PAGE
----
COLORADO SPRINGS, Colo. (KRDO) -- Confusion continues throughout Southern Colorado right now, about whether or not to get a booster shot if you've already had COVID.
A person's immune reaction from having coronavirus is typically relatively strong for months. However, health officials say having a natural immunity isn't enough, encouraging people to get the COVID vaccine even if they've had the virus.
“There is no doubt, that by far, even for people who have recovered and made a really good immune reaction to the virus, getting an additional dose of the vaccine makes a big difference," said Dr. Michael Roschon, Vice President of Research Operations at Centura Health. "We can see antibody levels go about a thousandfold higher."
New studies are also shedding light on whether having COVID previously protects you more than the vaccine when it comes to reinfection.
“It’s consistent and the studies show that one: you can become reinfected, and two: even having had infection before, you’re still two times more likely to get COVID-19 if you weren’t vaccinated, so the vaccine is still highly protective," said Dr. Michelle Barron, Senior Medical Director of Infection Prevention at UCHealth.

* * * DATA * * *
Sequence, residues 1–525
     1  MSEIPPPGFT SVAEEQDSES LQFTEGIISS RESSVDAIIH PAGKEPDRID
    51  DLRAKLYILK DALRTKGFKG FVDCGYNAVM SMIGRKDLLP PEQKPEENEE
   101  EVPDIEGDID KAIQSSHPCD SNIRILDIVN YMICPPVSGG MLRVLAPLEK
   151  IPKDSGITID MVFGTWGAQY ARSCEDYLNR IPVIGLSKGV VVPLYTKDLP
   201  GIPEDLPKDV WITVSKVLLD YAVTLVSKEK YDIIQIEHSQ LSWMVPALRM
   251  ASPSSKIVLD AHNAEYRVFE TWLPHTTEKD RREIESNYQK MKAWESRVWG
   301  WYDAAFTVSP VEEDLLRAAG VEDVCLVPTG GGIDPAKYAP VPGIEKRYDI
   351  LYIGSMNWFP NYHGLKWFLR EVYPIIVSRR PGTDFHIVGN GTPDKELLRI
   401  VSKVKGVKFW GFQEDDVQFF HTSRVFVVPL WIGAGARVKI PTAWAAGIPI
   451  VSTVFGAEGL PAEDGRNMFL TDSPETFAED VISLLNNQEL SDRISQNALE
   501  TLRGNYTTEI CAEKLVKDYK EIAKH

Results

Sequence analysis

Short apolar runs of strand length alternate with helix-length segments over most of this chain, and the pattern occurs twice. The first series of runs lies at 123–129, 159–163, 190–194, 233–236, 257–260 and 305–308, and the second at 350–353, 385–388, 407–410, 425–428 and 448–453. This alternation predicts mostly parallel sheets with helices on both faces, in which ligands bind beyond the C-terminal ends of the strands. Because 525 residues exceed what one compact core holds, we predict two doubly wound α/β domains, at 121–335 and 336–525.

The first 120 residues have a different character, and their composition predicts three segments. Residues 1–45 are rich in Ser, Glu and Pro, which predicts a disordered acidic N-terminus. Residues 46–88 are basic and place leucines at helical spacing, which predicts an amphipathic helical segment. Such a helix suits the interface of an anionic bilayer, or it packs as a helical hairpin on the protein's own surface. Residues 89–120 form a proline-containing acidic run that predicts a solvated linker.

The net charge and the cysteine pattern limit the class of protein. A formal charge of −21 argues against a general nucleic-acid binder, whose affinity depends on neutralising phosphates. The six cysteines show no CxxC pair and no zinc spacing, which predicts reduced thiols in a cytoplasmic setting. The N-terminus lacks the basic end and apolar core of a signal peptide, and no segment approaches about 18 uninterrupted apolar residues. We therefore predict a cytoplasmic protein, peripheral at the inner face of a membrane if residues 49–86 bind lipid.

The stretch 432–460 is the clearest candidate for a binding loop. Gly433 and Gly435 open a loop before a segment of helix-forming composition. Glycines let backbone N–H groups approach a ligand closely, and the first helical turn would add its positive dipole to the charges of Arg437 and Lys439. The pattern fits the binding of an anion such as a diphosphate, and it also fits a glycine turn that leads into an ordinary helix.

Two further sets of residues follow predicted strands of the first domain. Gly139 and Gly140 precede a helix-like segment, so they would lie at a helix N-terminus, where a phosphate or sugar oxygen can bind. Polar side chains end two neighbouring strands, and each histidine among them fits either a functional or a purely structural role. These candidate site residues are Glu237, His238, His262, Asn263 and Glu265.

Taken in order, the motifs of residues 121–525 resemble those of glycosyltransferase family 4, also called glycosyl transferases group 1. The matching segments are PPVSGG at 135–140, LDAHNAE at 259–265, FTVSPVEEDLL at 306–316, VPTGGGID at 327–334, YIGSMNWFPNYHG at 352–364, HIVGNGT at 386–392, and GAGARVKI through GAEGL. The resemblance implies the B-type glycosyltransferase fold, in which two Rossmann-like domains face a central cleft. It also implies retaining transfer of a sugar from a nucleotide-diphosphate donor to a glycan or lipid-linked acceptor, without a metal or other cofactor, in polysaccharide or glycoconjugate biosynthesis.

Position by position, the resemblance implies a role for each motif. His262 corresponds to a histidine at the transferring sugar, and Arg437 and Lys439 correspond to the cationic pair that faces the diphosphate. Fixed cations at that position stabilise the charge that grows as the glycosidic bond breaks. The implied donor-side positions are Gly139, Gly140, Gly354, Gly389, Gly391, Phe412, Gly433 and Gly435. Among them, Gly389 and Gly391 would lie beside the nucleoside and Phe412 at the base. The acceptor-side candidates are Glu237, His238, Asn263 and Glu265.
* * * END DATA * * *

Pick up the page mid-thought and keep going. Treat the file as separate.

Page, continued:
Antibodies also rise in those who were vaccinated but got a breakthrough case. That person's immune system is now reactivated to the entire virus, not just to the spiked protein — which provides great immunity for most. However, if you recently had a breakthrough case, you shouldn’t wait 8 months to get a booster. If you're eligible, doctors recommend getting another dose 90 days after you originally got sick.
When it comes to natural immunity, experts are working hard to clear up any misconceptions.
“I think a lot of people are using that as an excuse not to get the vaccine because they sort of see it as more of the ‘holistic’ way of having this," said Dr. Barron. "COVID is bad. COVID has long-term effects. Even if you don’t end up in the hospital, there are more and more studies looking at individuals that have memory deficits and have exercise limitations. So relying on the ‘I got away with it the first time and I’m okay’ may not be what happens with Delta."
Overall, immunity is not "one size fits all." There are even people who get infected with coronavirus and produce no antibodies, which leaves them with zero protection. Health officials agree because of this, getting a vaccine is your best choice to avoid infection.